Damien Cave and Richard Oppel Jr. write for the Times that in the wake of Saturday’s deadly bombing, many Iraqis in Baghdad fault the US for the poor security situation in Iraq, citing the lag between the announcement and implementation of the new security plan. US and Iraqi forces have not arrived en masse to the capital, but the local militias which might have prevented the attack have been laying low in anticipation of the crackdown. They also write that it was Mahdi Army militiamen, not Iraqi forces, who were visibly present to provide security and direct the scene after Saturday’s suicide bombing in predominantly Shi`i Sadriya. Fifteen died yesterday in the predominantly Sunni area of Adhamiya in what may have been retaliatory shelling attacks. Seven Iraqis were killed in Western Baghdad in fighting between militias. Around the city, 35 bodies were recovered, many bearing evidence of torture.
The US military confirms that four helicopters that had crashed over the last two weeks were shot down, Ernesto Londoño reports in the Post. Londoño writes that the military is considering new procedures for the deployment of choppers.
The Post leads its Iraq coverage with the image of Sen. John Sununu sprinting away from reporters who would have liked to question him about Iraq. Shailagh Murray and Jonathan Weisman report that many in Congress, especially in the GOP, are nervously eyeing 2008 as they develop their positions on upcoming anti-escalation resolutions. No groundbreaking news here, but a useful rundown of the moving parts as the Senate gears up for this week’s debates. The Post might have pointed out that it was only about four years ago when many Democrats were voting for an Iraq war, with the 2004 elections in mind.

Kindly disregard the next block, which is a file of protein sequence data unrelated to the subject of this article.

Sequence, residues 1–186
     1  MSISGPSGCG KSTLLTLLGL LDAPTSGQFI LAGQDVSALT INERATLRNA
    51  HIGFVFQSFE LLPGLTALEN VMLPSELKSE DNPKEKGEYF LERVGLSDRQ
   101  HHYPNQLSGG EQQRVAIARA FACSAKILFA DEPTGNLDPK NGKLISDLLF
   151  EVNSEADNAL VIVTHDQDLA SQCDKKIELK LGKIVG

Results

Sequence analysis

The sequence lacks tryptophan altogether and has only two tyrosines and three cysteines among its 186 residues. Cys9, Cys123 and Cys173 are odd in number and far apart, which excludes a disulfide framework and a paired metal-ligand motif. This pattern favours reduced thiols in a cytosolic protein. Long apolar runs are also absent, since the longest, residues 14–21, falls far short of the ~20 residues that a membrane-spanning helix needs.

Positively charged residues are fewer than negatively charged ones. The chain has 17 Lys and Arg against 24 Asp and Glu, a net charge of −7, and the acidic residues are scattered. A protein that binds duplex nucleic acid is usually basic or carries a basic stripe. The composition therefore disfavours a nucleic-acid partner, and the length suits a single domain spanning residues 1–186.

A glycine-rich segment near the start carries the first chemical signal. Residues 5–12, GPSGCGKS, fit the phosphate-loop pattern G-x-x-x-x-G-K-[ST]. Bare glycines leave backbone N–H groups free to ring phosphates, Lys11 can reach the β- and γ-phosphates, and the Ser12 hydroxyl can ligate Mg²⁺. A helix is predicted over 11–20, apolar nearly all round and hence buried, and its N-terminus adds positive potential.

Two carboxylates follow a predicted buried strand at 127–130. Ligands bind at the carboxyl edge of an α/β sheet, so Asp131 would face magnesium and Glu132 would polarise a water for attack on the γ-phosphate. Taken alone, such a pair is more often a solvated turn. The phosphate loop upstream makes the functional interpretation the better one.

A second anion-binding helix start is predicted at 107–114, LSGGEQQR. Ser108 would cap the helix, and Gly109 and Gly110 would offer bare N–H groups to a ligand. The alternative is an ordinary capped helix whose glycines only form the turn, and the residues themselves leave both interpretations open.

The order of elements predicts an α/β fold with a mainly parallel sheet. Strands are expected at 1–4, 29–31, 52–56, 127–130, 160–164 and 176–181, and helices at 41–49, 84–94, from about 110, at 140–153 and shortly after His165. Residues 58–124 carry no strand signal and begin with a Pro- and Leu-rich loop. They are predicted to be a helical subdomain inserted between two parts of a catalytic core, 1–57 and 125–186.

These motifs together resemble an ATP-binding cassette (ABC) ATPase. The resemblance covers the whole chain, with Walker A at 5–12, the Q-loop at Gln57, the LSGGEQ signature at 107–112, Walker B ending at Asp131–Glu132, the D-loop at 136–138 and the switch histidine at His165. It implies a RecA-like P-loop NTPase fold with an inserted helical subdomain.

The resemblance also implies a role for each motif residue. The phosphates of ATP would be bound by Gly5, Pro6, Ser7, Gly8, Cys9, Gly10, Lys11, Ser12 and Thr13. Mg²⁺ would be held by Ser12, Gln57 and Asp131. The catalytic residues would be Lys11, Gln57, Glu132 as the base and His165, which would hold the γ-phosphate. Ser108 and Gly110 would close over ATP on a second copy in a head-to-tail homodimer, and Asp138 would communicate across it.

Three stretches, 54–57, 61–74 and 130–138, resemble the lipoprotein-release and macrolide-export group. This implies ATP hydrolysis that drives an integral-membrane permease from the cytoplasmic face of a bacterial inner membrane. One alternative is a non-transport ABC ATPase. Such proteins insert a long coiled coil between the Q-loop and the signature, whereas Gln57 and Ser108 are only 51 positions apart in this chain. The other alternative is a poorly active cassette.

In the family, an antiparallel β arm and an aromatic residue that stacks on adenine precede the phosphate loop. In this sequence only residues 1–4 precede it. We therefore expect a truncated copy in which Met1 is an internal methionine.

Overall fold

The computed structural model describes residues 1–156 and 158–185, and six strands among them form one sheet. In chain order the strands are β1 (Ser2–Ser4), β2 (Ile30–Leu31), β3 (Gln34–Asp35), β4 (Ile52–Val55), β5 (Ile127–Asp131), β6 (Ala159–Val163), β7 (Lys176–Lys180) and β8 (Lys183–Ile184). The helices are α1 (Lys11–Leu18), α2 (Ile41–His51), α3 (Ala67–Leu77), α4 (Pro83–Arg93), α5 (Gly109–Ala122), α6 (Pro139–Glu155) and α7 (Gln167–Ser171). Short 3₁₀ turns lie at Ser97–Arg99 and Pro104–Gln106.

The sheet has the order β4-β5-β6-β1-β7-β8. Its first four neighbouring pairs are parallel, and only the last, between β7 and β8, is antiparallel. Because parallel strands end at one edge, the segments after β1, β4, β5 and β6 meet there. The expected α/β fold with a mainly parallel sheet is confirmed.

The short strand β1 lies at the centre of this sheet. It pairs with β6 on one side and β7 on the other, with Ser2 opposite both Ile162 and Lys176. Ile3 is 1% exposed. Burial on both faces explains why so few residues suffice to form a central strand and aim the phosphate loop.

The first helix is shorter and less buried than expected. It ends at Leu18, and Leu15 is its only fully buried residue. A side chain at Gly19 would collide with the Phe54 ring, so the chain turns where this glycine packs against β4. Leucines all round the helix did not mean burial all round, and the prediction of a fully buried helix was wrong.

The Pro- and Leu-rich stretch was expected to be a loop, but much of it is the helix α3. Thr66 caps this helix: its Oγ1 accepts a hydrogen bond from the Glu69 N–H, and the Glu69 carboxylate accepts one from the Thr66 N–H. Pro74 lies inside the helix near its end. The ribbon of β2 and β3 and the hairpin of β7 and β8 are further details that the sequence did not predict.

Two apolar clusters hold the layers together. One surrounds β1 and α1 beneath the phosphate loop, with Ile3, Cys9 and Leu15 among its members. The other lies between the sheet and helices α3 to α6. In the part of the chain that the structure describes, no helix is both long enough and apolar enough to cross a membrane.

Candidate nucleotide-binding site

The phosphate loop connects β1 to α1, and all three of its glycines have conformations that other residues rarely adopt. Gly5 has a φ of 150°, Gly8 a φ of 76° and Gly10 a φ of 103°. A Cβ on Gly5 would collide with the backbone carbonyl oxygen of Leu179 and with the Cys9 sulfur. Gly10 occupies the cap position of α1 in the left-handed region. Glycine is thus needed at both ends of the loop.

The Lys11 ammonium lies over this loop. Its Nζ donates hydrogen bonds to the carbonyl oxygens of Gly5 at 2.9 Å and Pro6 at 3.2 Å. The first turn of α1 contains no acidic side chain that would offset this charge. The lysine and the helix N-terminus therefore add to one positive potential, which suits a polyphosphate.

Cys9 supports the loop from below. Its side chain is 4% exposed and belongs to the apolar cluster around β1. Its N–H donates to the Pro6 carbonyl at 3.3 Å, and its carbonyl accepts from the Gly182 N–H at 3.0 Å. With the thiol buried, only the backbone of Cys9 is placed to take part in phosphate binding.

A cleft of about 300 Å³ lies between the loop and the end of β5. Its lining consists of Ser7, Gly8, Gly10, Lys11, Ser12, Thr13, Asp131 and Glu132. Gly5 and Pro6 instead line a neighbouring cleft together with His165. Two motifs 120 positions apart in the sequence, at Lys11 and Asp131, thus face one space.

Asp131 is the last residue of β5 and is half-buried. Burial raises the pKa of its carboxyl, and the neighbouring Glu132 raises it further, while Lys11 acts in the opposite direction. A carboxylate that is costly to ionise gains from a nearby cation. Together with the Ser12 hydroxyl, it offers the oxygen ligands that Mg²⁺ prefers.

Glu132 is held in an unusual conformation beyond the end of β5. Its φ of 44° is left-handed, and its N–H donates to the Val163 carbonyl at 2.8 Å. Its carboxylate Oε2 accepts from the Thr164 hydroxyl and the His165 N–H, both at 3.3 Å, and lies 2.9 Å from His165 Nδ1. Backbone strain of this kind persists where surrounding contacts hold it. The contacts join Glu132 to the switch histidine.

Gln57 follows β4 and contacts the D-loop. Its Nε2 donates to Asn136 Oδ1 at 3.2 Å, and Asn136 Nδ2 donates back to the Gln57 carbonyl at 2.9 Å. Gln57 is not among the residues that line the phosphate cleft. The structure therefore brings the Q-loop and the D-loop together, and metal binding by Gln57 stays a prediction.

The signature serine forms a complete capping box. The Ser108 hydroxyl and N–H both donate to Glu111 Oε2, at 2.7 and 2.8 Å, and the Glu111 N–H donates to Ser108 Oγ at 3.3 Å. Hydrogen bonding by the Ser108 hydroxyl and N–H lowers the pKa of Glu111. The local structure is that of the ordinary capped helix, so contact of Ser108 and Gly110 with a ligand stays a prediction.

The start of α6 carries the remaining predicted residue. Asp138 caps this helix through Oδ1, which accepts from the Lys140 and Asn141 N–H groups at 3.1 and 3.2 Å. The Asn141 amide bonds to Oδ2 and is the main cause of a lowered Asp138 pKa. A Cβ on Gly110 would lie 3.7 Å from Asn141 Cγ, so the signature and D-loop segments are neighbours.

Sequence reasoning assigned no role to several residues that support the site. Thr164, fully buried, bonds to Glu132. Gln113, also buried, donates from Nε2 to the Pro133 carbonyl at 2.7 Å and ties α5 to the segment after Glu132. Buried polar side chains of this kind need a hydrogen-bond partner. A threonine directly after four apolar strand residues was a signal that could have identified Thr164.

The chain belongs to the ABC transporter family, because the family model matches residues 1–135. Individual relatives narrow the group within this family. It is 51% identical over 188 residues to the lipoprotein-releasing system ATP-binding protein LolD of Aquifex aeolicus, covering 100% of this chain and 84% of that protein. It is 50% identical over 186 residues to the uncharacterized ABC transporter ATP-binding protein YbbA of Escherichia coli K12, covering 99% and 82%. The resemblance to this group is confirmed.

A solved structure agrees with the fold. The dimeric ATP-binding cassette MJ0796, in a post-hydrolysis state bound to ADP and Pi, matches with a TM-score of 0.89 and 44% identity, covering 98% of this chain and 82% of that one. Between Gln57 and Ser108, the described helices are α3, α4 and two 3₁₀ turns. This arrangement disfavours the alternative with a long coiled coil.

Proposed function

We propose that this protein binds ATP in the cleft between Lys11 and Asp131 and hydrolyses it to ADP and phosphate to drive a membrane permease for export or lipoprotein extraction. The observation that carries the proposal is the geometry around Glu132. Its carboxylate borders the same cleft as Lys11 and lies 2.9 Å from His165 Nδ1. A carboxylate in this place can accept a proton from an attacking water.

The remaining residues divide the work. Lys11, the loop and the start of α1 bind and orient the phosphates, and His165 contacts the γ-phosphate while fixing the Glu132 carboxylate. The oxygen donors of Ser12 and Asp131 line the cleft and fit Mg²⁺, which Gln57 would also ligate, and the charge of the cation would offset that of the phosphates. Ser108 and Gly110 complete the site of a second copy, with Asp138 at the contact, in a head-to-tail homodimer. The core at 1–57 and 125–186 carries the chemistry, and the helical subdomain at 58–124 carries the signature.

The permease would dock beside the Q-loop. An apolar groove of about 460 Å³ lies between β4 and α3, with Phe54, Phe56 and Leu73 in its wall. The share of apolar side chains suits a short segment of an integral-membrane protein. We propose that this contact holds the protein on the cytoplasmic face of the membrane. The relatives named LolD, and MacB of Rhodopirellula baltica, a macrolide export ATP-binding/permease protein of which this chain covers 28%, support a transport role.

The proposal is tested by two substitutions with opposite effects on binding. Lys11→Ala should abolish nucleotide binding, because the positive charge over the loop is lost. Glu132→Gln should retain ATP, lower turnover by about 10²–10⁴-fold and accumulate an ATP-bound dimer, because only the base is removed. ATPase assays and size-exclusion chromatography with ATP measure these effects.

Gail Russell Chaddock catches the Monitor up on the various Senate Iraq bills,. She notes that for different reasons, the vote will be risky for both Republicans and Democrats.
Kathy Kiely writes in USAT that the GOP Senate leadership may lead a filibuster of all debate on the bipartisan anti-escalation measure, if the majority does not agree to also hold votes on two other measures, one which would offer qualified support for the Bush plan, and one which would put the Senate on record opposing funding cuts to the Iraq war. Democrats have indicated that they have counted enough votes to pass the bipartisan measure, but not enough to overcome a filibuster. GOP Senators allied with the White House must be grateful they didn’t exercise the “nuclear option” in the last Congress.
In other coverage:
NEW YORK TIMES
James Glanz files a report on the state of the Iraqi air force. After a series of delays, Iraqi pilots are starting to get new aircraft, beginning with a shipment of Russian helicopters. 125 US Air Force personnel are in Iraq to conduct training. The US will establish a pilot school in the fall. Glanz points out that there are no fighter planes on order for the Iraqi forces, which indicates that the US will continue to be responsible for major air defenses over Iraq. The Iraqi air force once had over 500 aircraft.
The NYT prints a staff editorial on the release of the National Intelligence Estimate on Iraq. Echoing Marc Santora’s article from last week, the editors argue that the recent fighting near Najaf is evidence of the unpreparedness of the Iraqi security forces. They also call on the Bush administration to impose “enforceable deadlines” on the Iraqi government to purge the security forces of militia loyalists, end excessive de-Ba`thification measures, and develop a fair system for distributing oil revenues. “Otherwise,” they write, “Iraq seems headed over the cliff.”